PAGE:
Meet Thandi Sibisi, the Pioneering Black South African Gallerist Who Is Determined to Draw in a New Kind of Art Collector

Thandi Sibisi is hoping to draw in new collectors by offering works at relatively modest prices.

Thandi Sibisi, photo by Andile Mthembu. Artwork: Winston Luthuli, Roots (2018–19). Courtesy of The Trinity Session and Sibisi Gallery.
Thandi Sibisi, photo by Andile Mthembu. Artwork: Winston Luthuli, Roots (2018–19). Courtesy of The Trinity Session and Sibisi Gallery.

When art dealer Thandi Sibisi opened her gallery in 2012, it was the first in South Africa to be entirely owned by a Black woman.

But spiraling overheads soon forced her to close the space, and disputes with artists, in which Sibisi was accused of not paying them after selling their works, and of ignoring phone calls and messages, tarred her reputation. (Sibisi says the artists wanted payment right after their works were sold, but that her consignment agreements with them stipulated that she had extended time to pay them.)

Eight years on, the dealer is poised to reopen Sibisi Gallery in Johannesburg, hoping to build a new art market centered on the country’s rising crop of millionaires.

Sibisi’s focus is African art, and she hopes to see a new tide of Black collectors enter the existing—majority white—landscape.

“For me, entering the arts industry was driven by my childhood, and African art is what I connect to,” Sibisi tells Artnet news. Born into Zulu culture, Sibisi has always prized traditional African arts, but she says she sacrificed her passion with her first gallery to get a seat at the table in a market that did not take mastery art seriously as fine art.

But this time, she is determined to do things her way.

Justice Mukheli, Rushi (2017). Photo by Artist, courtesy of Sibisi Gallery.

Justice Mukheli, Rushi (2017). Photo by Artist, courtesy of Sibisi Gallery.

Sibisi got her start in the industry after moving to Johannesburg when she was 17 and becoming homesick for the culture of her rural hometown.

“What I found was a world that was rapidly globalizing,” Sibisi says. “I felt like there was a crisis and I needed to do something about it. The world was forgetting about our cultures.”

After dropping out of college, she decided to open the first Sibisi Gallery when she was just 25 years old.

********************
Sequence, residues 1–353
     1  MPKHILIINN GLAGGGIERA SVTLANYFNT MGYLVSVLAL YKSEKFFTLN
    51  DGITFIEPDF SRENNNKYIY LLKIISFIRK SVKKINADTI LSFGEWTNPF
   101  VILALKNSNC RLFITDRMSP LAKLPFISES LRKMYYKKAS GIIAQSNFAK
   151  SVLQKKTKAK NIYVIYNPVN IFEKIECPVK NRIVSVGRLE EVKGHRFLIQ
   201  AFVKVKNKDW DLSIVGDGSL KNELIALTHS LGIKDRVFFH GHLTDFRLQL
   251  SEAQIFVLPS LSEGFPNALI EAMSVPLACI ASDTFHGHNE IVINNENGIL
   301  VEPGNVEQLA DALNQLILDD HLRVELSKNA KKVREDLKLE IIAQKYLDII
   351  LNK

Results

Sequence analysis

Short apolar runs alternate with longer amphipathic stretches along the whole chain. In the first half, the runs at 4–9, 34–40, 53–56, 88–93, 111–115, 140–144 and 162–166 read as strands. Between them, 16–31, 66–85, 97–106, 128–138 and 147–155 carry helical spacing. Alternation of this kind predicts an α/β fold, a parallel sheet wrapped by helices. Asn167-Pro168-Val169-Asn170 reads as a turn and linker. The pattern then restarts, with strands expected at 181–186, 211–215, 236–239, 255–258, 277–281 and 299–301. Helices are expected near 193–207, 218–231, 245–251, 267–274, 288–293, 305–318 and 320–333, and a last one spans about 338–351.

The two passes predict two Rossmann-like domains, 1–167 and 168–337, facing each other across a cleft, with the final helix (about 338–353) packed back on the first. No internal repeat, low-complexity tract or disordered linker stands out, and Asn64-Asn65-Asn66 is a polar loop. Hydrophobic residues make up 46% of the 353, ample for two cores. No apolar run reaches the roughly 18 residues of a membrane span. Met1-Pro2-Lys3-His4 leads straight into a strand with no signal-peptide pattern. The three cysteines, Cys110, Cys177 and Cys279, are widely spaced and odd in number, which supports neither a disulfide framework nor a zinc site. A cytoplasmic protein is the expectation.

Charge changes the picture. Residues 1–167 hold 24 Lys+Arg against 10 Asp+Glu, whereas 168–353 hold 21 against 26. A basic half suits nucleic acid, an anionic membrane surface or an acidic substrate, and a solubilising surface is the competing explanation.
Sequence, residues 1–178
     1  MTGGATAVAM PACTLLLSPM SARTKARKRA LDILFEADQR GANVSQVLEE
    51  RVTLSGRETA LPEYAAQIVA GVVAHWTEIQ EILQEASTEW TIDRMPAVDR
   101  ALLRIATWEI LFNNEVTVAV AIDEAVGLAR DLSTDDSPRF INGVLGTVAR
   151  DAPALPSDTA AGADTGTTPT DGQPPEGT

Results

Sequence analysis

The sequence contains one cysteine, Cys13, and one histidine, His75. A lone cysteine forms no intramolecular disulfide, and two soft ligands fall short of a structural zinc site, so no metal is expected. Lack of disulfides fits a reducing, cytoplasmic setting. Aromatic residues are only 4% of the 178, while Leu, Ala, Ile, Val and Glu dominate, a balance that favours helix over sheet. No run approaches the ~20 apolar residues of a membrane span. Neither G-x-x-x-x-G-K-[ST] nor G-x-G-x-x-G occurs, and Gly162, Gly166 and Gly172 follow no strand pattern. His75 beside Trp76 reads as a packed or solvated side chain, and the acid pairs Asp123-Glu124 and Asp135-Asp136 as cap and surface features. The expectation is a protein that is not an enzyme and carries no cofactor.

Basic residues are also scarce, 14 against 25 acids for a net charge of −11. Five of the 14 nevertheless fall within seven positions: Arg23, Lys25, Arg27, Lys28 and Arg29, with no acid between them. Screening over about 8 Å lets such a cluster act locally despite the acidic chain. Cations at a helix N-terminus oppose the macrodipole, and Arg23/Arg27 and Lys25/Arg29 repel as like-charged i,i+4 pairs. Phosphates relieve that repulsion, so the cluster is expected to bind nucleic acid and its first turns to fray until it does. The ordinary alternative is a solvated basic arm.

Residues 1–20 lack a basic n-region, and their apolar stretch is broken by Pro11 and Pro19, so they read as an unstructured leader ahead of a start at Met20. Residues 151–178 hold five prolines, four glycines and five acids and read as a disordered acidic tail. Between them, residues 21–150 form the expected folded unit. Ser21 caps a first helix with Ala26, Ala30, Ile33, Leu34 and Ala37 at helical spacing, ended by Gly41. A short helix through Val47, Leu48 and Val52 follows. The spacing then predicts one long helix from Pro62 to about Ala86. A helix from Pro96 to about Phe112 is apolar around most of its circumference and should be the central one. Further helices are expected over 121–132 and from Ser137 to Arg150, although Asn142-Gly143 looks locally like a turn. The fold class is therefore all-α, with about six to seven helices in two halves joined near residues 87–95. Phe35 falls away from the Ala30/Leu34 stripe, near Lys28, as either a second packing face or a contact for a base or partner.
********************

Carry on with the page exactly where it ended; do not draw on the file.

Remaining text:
“I’m an African, and I feel like especially because in South Africa there aren’t a lot of Black people in the industry, the worst thing that I could do is not do what I feel like I’m called to do,” Sibisi says. “Because if I don’t do it, who else is going to do it? I closed my gallery years ago, and still, there aren’t any new galleries opening.” (Among the other Black-owned galleries in Johannesburg is Gallery MOMO, which opened in 2003. The FNB Art Joburg fair, owned by Mandla Sibeko, is also a Black-owned enterprise.)

Sibisi enjoys working with emerging artists, including rising star Johannesburg-based sculptor Nkhensani Rihlampfu, whose rope sculptures range in price from around R40,000 ($2,400) to R650,000 ($40,000). But the new gallery will embrace all kinds of African art, including classical African art and mastery art, as well as modern and contemporary works.

Showcasing a wide range of African art is a two-fold strategy that Sibisi hopes will recenter the importance of traditional arts as well as draw in a new crowd of buyers with relatively modest price points.

Nkhensani Rihlampfu, Black is Gold (2020). Photo by Manyatsa Monyamane.

Nkhensani Rihlampfu, Black is Gold (2020). Photo by Manyatsa Monyamane.

“Over the past three years, I have found that buyers will come for a small piece, and then they fall in love with art and before you know it, they are buying the most expensive piece that you have and supporting young artists,” Sibisi says.

When she first opened her gallery, she found that 80 percent of her clients were seasoned white collectors, which is something she wants to change.

“I want to create a new art market,” Sibisi says. “In South Africa currently, there is a new breed of high-net-worth individuals, many of whom are Black, that are coming up.”

It was only after she closed her original gallery space that she started to get phone calls from these emerging collectors looking for advice on how to start a collection. Many of them told her how they had previously been intimidated by the existing gallery structures.

It became clear to her that her new gallery should be positioned towards that new crop of entry-level collectors, so she has decided to situate herself in the center of Johannesburg’s financial district.

The space is located in a newly finished 55-story building called the Leonardo, the tallest building in Africa and just a stone’s throw away from the Johannesburg stock exchange.

The new gallery was slated to open on May 1, but has since been postponed to a yet-to-be-determined date. In the meantime, Sibisi is working on developing the gallery’s online presence, which she sees as another way of drawing buyers who might be intimidated by the physical gallery space.

Correction, 7/29: An earlier version of this article stated that there was only one other Black-owned gallery in Johannesburg. In fact, there are several. The article also neglected to mention controversies surrounding Sibisi’s alleged non-payment to artists who exhibited with her first art gallery.


Follow artnet News on Facebook:


Want to stay ahead of the art world? Subscribe to our newsletter to get the breaking news, eye-opening interviews, and incisive critical takes that drive the conversation forward.

Share